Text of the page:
The Trump administration's attack on "Critical Race Theory" is just HUAC 2.0

Early this month, the US Office of Management and Budget announced a crackdown on diversity trainings and other similar initiatives that acknowledged the existence of racism or privilege. The concept of "Critical Race Theory" was a particular target — despite the fact that, ya know, the First Amendment is supposed to prevent the government from suppressing ideas or punishing people for having ideas.

The UCLA School of Public Affairs defines Critical Race Theory as:

CRT recognizes that racism is engrained in the fabric and system of the American society. The individual racist need not exist to note that institutional racism is pervasive in the dominant culture. This is the analytical lens that CRT uses in examining existing power structures. CRT identifies that these power structures are based on white privilege and white supremacy, which perpetuates the marginalization of people of color.

Trump himself called out Critical Race Theory — and the work of Howard Zinn specifically — in his scarily authoritarian decree about "Patriotic Education" (read: indoctrination).

OMB Director Russ Vought has also announced that the federal government is asking employees to "report any sightings" of Critical Race Theory.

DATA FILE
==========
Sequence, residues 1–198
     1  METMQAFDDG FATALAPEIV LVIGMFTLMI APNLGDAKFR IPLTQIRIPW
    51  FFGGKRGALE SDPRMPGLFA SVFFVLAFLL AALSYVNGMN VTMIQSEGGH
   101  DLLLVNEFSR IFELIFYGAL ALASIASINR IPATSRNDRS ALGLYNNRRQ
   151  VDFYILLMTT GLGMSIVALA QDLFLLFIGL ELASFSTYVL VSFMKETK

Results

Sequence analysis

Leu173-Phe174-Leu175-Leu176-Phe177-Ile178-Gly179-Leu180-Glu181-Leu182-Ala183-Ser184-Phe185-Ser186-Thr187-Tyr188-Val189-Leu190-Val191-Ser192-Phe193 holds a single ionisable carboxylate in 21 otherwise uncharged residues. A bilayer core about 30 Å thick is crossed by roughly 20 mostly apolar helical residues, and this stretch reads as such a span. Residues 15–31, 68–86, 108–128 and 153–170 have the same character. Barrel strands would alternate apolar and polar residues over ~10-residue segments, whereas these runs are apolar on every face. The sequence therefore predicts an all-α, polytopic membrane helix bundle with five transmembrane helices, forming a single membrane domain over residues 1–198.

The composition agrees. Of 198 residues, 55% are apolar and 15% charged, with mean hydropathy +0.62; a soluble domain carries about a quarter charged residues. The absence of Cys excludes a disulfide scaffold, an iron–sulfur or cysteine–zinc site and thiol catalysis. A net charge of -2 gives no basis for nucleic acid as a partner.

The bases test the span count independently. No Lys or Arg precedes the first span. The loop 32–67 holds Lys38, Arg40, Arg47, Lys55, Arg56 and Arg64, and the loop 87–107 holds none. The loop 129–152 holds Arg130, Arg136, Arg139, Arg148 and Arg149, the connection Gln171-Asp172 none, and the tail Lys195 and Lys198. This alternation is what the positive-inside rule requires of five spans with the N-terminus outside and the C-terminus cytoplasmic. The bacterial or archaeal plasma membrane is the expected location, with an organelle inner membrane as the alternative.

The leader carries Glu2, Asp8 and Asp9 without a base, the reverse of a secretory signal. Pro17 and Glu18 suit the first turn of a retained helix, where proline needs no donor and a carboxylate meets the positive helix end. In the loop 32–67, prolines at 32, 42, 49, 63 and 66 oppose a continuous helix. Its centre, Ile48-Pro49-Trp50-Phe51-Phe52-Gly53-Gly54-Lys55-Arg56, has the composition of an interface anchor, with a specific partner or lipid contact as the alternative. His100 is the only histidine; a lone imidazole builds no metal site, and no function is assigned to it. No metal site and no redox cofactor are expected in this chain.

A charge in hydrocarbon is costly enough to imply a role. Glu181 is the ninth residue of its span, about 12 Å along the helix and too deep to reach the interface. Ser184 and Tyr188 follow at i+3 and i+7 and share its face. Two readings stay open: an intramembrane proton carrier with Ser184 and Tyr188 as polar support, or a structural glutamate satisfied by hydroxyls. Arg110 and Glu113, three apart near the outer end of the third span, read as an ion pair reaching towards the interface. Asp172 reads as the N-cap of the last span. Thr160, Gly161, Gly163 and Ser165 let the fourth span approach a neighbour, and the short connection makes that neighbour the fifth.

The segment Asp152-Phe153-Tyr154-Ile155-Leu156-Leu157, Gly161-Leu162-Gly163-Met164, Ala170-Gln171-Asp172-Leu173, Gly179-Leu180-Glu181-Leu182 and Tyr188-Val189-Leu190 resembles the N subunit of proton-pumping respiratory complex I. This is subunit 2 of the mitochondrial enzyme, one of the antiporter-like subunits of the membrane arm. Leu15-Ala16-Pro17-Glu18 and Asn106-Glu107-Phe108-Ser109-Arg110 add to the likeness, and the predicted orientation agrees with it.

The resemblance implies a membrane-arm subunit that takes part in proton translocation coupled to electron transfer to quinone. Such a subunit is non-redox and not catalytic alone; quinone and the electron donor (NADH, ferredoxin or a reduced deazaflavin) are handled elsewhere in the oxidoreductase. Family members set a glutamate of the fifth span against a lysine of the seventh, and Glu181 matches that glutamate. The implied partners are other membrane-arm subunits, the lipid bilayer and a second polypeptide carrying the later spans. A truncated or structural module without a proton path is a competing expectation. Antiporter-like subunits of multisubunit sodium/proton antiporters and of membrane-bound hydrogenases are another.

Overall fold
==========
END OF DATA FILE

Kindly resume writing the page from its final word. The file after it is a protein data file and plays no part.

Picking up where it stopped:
This is just a re-hash of the anti-Commie hunts of the House Un-American Activities Committee under Joseph McCarthy during the Red Scare.

Most proponents of Critical Race Theory will agree that it evolved from Critical Theory, a school of thought that was primarily developed by the work of Theodor Adorno and Max Horkheimer at the Frankfurt School, which itself drew on ideas from Western-Marxist philosophy. (The Frankfurt School is largely at the root of all the anti-Semitic dog whistles and conspiracy theories surrounding so-called "Cultural Marxism," and why so many conservatives rage at the thought of postmodernism.)

So the federal government is once again asking people to snitch on people who might align ideological with anything remotely inspired by the work of Marx and Engels, in order to suppress dissent. Which is exactly what HUAC did. And I think there's bipartisan agreement that HUAC was not good.

Anyway, I've had this song stuck in my head all week:

Previously: Trump administration bans diversity training for federal workers, calling it "Anti-American"